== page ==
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  4. Brilliant! Especially the bit where you re-used your elastic from your PJs. Thanks for sharing Bob’s work too as I was going to ask about the studio space. I took a peak and am drawn to the “Quarters Off” piece. It is intriguing to see how your penchant for grids and geometric structures in knitting comes into play in his work too.

    My photography has always been about emphasizing negative space, aka “voids” and it is funny how my husband, who is not an artist, but a historian, researches gaps and “voids” in historic archives. Somehow we ended up interested in the same thing, but across completely different mediums ;)

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      • It is wonderful to see his work, Karen. Thanks for the link. I am going to follow him on Instagram so I can see more.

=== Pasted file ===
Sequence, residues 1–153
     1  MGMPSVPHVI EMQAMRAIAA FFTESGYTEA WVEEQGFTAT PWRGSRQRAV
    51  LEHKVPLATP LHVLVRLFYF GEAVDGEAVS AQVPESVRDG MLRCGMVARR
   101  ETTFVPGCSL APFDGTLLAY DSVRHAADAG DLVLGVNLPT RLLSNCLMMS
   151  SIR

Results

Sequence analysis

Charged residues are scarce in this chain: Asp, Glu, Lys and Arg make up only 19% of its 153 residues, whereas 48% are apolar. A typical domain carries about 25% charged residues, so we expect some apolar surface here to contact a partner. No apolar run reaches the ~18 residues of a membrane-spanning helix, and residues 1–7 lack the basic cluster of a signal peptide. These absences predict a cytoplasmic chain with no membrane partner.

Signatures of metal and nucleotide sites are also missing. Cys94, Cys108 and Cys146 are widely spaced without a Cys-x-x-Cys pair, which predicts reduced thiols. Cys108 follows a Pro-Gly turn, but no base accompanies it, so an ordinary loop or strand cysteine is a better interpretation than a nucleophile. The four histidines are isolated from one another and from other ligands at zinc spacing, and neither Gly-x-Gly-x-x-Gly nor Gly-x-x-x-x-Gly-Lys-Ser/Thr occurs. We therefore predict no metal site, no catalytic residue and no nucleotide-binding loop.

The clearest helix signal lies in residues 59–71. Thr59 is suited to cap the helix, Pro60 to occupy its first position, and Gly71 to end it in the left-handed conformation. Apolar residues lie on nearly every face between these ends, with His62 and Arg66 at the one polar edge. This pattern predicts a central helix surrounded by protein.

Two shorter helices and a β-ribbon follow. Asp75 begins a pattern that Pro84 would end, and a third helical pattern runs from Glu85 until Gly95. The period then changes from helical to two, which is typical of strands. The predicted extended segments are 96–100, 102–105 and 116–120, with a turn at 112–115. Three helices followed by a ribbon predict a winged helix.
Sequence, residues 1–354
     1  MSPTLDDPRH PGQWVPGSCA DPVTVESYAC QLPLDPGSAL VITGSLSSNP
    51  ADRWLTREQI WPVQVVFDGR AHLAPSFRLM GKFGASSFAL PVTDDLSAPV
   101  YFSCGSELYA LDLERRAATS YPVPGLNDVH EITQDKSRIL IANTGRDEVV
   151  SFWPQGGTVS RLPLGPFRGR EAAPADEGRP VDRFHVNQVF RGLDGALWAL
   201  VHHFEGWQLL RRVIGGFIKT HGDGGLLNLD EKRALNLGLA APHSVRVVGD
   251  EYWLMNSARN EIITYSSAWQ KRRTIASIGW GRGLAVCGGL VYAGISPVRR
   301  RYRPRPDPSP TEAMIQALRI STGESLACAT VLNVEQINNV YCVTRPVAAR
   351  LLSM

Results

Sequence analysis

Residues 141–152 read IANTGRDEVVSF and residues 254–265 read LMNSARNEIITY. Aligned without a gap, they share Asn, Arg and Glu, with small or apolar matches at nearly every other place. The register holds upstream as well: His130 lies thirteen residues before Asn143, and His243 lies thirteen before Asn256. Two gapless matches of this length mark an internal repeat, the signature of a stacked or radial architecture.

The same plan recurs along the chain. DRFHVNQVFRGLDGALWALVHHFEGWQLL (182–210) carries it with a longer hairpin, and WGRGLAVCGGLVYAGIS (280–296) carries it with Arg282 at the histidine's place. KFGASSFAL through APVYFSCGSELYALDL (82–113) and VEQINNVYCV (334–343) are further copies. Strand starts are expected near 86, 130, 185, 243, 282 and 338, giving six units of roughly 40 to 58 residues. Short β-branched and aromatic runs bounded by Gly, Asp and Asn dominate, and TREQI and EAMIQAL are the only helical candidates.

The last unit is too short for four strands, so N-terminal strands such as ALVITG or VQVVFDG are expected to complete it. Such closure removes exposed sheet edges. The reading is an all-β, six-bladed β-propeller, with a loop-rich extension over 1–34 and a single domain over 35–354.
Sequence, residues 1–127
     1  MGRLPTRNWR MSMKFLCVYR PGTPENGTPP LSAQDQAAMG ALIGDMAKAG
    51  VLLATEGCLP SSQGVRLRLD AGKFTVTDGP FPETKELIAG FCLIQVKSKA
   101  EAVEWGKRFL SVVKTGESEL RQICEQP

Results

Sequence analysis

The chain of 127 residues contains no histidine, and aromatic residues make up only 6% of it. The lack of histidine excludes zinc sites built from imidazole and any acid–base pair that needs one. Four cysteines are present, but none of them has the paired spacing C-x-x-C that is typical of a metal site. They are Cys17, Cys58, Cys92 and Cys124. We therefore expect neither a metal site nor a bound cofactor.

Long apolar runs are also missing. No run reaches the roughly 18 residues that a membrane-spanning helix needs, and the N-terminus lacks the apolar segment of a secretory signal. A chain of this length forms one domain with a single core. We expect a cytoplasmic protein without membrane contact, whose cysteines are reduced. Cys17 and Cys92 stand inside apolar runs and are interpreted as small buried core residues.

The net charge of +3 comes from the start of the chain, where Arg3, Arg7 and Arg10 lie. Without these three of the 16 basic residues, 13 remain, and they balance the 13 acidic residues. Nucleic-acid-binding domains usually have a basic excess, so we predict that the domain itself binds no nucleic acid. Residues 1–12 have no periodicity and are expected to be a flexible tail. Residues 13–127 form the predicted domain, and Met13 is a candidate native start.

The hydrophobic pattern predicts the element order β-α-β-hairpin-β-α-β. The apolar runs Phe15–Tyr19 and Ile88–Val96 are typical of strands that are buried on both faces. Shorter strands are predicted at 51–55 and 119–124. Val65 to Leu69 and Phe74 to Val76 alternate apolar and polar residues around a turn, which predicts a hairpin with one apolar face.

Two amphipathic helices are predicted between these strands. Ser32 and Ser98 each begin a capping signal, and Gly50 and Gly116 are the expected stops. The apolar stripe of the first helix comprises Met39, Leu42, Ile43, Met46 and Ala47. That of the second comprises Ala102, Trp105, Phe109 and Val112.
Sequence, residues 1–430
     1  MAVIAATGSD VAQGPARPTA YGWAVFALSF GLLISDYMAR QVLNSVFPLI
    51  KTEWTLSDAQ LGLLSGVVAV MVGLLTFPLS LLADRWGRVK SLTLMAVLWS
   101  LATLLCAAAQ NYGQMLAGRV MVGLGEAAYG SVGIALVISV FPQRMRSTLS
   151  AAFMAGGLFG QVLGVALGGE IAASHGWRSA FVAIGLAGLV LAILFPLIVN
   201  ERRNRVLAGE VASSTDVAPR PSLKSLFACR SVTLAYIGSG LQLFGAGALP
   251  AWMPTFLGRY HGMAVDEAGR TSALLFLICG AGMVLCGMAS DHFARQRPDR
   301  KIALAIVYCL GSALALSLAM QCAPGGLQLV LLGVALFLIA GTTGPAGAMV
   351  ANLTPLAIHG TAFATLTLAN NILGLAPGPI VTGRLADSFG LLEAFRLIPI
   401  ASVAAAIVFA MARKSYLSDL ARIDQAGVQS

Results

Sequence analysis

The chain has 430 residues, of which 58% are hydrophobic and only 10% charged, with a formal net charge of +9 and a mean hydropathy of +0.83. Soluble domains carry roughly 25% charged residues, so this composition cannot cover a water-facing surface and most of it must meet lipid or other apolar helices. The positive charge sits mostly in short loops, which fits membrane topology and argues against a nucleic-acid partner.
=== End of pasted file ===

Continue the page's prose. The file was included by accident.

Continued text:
My work is all about the grid, too. Even when I was painting landscapes, the grid was scored under or over them. Now, the new pieces are grid-based while also paying tribute to women and crafting. After all, the grid is the base for most textile and crafting work. I think it was the Marches tht pushed me in this more personal direction. More on that once I get my website back up. Someday. Sigh….so bad at the tech stuff….

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  5. I’m impressed. How in the world did you know to do all those mods to get what you wanted? You have a real talent for seeing the details.

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    • I was really just winging it based on what I know about what I don’t like about every pair of pants I’ve ever made. Happily, it worked out, because these are so simple. But I really want to read up and practice up on pants-fitting skills.